Sign at the west entrance to Hozenji Yokocho, handwritten at full size by bad-boy comedian Kanbi Fujiyama. The second kanji from the left is missing a stroke.

All of this tumultuous history seems encapsulated in the large hanging wooden sign reading “Hozenji Yokocho” which he created for the west entrance of the alley. He wrote the uneven row of characters at their actual size, and famously the kanji 善 (zen, the middle character in 法善寺, Hozenji) is missing one horizontal line (which should be above the square 口 at the bottom). There has been much speculation about the missing stroke. 善 (zen) means “good,” and by his own admission he was “not such a good guy.” When out drinking in the neighborhood, he was likely to say things like “mo ippon taran zo” (“Hey, we need one more bottle”) or “mo ippon tsukete na” (“put one more bottle on my tab,” which might or might not ever be paid). The Japanese counter -hon (also pronounced -bon or -pon, depending on the preceding word) is used for elongated or cylindrical things, which include both liquor bottles and strokes making up kanji, so the above phrases could also mean “it’s missing a stroke” or “you should add one more stroke” respectively. The condition of “one stroke missing” could be phrased as ippon nukete iru, which also means “to have a screw loose,” as Fujiyama would likely have admitted he did. Another theory is that he simply made a mistake.

The east entrance to Hozenji Yokocho is between sushi chain restaurant Ichiba-zushi and clothing store Yakko, in Sennichimae Shopping Arcade north of Sennichimae-dori Ave.

Let’s Do the Time Warp

At the east end is a similar, more neatly executed sign, also written at full size, by the aforementioned rakugo performer Harudanji Katsura III (1930-2016). Famed as one of the “four heavenly kings” of postwar Kansai rakugo, he was a traditionalist who trained many protégés and kept the solo storytelling genre thriving. He was evidently a well-mannered gentleman, which makes for a lack of anecdotes like those about Fujiyama, and a handwriting analyst might say this comes across in his Hozenji Yokocho sign, which has every stroke in place.

history of hozenji
The narrowest alley of all: Ukiyo Roji is a back way into Hozenji Yokocho from Dotonbori.
The walls of Ukiyo Roji are plastered with photographs and historical materials.

For a trip down the memory lane of the area’s past and its relation to comedy in particular, step into Ukiyo Roji, a dark, even narrower covered alley that connects Hozenji Yokocho with the Dotonbori pedestrian walk. From Dotonbori, enter on the south side between a large Jankara karaoke place and the udon restaurant Imai, incongruously old-fashioned with its willow tree in front amid gaudy surroundings. The walls of the alley are hung with photos, including of the pre-World War II alley and the almost completely flattened Minami (Namba and Shinsaibashi) district after the air raids, as well as old maps and historical info. Another wall of history can be found to the left of the Fudo Myo-o statuary group.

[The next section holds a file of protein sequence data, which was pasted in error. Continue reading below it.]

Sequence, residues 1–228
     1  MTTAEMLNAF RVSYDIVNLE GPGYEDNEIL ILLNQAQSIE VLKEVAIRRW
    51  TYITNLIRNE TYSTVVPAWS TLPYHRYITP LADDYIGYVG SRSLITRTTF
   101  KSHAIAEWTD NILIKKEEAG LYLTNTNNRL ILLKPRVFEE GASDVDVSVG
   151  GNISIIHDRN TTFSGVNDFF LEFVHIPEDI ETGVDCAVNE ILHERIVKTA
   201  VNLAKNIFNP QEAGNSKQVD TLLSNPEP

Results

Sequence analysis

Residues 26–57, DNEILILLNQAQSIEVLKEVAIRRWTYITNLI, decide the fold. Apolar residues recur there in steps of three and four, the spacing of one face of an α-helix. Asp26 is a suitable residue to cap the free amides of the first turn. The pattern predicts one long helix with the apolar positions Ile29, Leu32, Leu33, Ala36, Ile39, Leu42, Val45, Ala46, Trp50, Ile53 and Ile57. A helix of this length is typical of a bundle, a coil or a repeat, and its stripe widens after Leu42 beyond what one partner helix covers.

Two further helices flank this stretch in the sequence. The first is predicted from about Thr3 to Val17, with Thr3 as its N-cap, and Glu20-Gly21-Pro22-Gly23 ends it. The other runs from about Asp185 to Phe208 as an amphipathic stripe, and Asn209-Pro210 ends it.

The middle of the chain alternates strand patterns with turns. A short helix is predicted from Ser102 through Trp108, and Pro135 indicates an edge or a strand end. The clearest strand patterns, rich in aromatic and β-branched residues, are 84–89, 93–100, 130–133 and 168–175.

Two Are Better Than One

Meoto Zenzai, established more than 140 years ago, serves each customer two small bowls of zenzai (sweet azuki bean dessert with mochi rice balls) instead of one large one.

To the right of the statues is the venerable zenzai (lightly sweet azuki bean soup often topped with mochi rice balls) shop Meoto Zenzai, founded in 1883, after which the Osakan Burai-ha (“Decadent School”) author Sakunosuke Oda named his well-known, oft-adapted 1940 novella. Meoto literally means “husband and wife,” and is often used to describe pairs of things, such as the roped-together rocks offshore near Ise Jingu Shrine in Mie Prefecture. Such inseparability is the theme of Meoto Zenzai, the tale of a shiftless ne’er-do-well and the geisha who keeps on loving him nonetheless. So many old Japanese films and so forth portray no-good louts and the virtuous women who are inexplicably devoted to them, one wonders if it was just a favorite theme for many writers and film directors, or if such couples were really a dime a dozen. For what it’s worth, Oda apparently based the fictional couple on one of his sisters and her husband. In the story, the wastrel Ryukichi spends his time and his common-law wife’s money frequenting cafés and such in and around Hozenji Yokocho. In a bit of dialogue from the novel that hangs on the wall of the eatery, Ryukichi asks his lover Choko if she knows why a certain shop serves each customer two small bowls of zenzai rather than one larger bowl. The answer is that it gives you the illusion of having more, and she comments in charming Osaka dialect, “Hitori yori meoto no ho ga ee iu koto dessharo” [Two together are better than one alone, right?] Of course, Meoto Zenzai serves it up this way to this day.

history of hozenji
The exterior of Meoto Zenzai, just to the right of the Mizukake Fudo pavilion. The interior is full of materials relating to the book named after the shop, and its multiple adaptations.

Alley of Dreams and Dining

Another cultural touchstone is the popular ballad “Tsuki no Hozenji Yokocho” (Hozenji Yokocho by Moonlight).  A hit for Takeo Fujishima (1927-1994) in 1960, it paints a picture of a young aspiring chef saying a sad, hopefully temporary farewell to his love, whose father runs a restaurant where he works. In my rough translation:

(Sung) To wrap his kitchen knife up in a cloth and go off for training – it’s all part of a chef’s journey. Wait for me, Koi-san,* though I know you’re sad. Hozen-ji is full of memories for a young couple. Even the harvest moon, almost full, seems to be yearning.

(Spoken, in old-school Osaka dialect) “Koi-san, the first time you brought me to Hozenji was my first night as an apprentice at [your family’s restaurant] Fujiyoshi. You prayed to Mizukake Fudo for a long time, asking that I become a great chef. That night… I fell for you.”